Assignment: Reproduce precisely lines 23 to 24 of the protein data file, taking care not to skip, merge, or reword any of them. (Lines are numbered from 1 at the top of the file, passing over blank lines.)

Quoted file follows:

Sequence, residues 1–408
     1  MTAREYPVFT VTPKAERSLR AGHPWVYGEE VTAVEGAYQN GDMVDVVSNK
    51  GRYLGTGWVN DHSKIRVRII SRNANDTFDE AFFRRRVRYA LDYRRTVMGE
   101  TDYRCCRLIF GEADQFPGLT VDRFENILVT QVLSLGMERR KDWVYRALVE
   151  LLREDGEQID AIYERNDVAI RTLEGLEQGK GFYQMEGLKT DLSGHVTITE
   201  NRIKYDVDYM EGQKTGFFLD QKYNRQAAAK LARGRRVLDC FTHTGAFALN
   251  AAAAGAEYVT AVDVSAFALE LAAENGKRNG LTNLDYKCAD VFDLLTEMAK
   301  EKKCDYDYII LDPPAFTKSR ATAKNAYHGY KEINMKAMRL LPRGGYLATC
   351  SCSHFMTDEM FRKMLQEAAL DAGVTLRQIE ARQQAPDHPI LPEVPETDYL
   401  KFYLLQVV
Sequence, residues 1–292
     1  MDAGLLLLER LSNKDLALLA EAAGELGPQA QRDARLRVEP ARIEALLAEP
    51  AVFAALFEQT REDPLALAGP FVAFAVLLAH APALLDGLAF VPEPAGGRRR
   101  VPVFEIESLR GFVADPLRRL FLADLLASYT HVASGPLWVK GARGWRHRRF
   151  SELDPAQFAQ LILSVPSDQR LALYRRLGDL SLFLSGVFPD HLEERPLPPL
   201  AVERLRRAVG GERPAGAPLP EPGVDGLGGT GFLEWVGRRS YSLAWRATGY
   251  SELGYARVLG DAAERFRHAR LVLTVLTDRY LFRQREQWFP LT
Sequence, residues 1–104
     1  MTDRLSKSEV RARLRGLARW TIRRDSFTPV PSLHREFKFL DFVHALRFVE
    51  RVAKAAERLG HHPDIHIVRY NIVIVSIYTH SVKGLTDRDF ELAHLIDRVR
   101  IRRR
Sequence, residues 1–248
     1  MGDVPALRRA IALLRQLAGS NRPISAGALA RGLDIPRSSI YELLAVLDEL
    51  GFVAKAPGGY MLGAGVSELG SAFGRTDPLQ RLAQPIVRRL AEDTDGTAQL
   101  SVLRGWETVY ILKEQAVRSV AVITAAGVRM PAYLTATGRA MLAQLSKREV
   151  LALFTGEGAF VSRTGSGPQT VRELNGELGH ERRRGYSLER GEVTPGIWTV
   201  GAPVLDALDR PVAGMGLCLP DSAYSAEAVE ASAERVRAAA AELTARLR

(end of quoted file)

     1  MGDVPALRRA IALLRQLAGS NRPISAGALA RGLDIPRSSI YELLAVLDEL
    51  GFVAKAPGGY MLGAGVSELG SAFGRTDPLQ RLAQPIVRRL AEDTDGTAQL